NASA marks 20 years of ISS spacewalks, but not all have been smooth sailing
The historic spacewalk — or extravehicular activity (EVA) as they’re officially known — took place on July 21, 2001, and was one of more than 240 that have taken place outside the orbiting outpost over the years.
Earlier EVAs conducted at the ISS from 1998 through early 2001 involved its construction, with NASA’s space shuttle transporting many parts of the habitable satellite into orbit.
Since the Quest airlock saw its first use two decades ago, regular EVAs have been used for maintenance and upgrade work, with astronauts from more than 10 countries taking part.
In a video (above) posted by NASA this week, astronaut Mike Gernhardt, whose three ISS spacewalks included the first one from the station’s Quest airlock 20 years ago, described that particular EVA as a “huge experience” that involved years of preparation.
Taking place on the anniversary of the first moonwalk, Gernhardt remembered the “big rush” he felt as he emerged from the airlock for the first time — though he said this was mainly because the experience made him feel like he was about to fall to Earth 250 miles below.
The NASA astronaut said that during those early EVAs he and his fellow crew members developed many tools and devices that are still used today, including a special bag for carrying equipment, and a body restraint tether used by astronauts to quickly secure themselves when moving to a new spot outside the station.
While spacewalks certainly carry risks for astronauts, NASA’s excellent training methods, safety procedures, and carefully designed equipment ensure that dangerous incidents are few and far between. Thankfully no one has died or been badly injured during an EVA at the space station, but there have been a number of unnerving events over the last 20 years.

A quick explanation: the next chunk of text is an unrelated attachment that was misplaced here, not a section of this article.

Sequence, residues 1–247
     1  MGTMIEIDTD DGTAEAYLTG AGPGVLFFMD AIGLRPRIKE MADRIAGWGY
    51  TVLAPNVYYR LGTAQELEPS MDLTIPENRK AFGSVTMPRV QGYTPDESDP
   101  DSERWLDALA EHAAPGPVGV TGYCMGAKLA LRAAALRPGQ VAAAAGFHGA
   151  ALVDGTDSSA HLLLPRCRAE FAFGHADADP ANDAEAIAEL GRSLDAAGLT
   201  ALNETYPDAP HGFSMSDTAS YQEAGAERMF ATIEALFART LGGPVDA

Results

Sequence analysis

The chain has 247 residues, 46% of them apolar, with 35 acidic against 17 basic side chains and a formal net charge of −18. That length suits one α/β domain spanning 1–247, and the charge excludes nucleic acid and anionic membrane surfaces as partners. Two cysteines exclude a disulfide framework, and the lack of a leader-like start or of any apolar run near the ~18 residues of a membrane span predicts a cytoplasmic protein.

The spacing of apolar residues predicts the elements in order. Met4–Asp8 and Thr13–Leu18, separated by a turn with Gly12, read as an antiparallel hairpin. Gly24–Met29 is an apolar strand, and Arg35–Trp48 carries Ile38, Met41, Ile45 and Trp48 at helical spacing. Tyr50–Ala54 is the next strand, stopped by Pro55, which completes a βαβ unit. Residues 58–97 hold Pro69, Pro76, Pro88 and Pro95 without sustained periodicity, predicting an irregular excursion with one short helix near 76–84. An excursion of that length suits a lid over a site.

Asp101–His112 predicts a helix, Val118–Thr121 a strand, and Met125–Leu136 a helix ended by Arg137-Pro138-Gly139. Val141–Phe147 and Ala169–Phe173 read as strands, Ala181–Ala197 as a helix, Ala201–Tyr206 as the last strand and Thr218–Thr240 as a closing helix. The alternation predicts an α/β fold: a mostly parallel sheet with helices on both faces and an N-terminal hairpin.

Perhaps the most serious of these involved Italian astronaut Luca Parmitano who almost drowned during a spacewalk in 2013 when his helmet started to inexplicably fill with water. In his own astonishing account of the incident, Parmitano revealed that while working outside the ISS, blobs of water started getting into his nose, mouth, and eyes, messing up his vision and, more worryingly, preventing him from breathing properly. Fortunately, Parmitano’s calm response and extensive training allowed him to make it back to the airlock safely, where the issue, put down to a contaminated fan pump inside the spacesuit, was safely resolved.
Looking ahead to future spacewalks, Gernhardt said many will take place on the moon in the coming years when NASA sends the next man and first woman to the lunar surface in the first crewed visit since 1972. These walks, the astronaut said, will be geared much more toward science and exploration rather than the kind of maintenance and upgrade work that we usually see at the ISS.
The first American to walk in space was Ed White in 1965. Check out how he looked during the historic event and also enjoy a gallery of other stunning images showing spacewalks from over the years.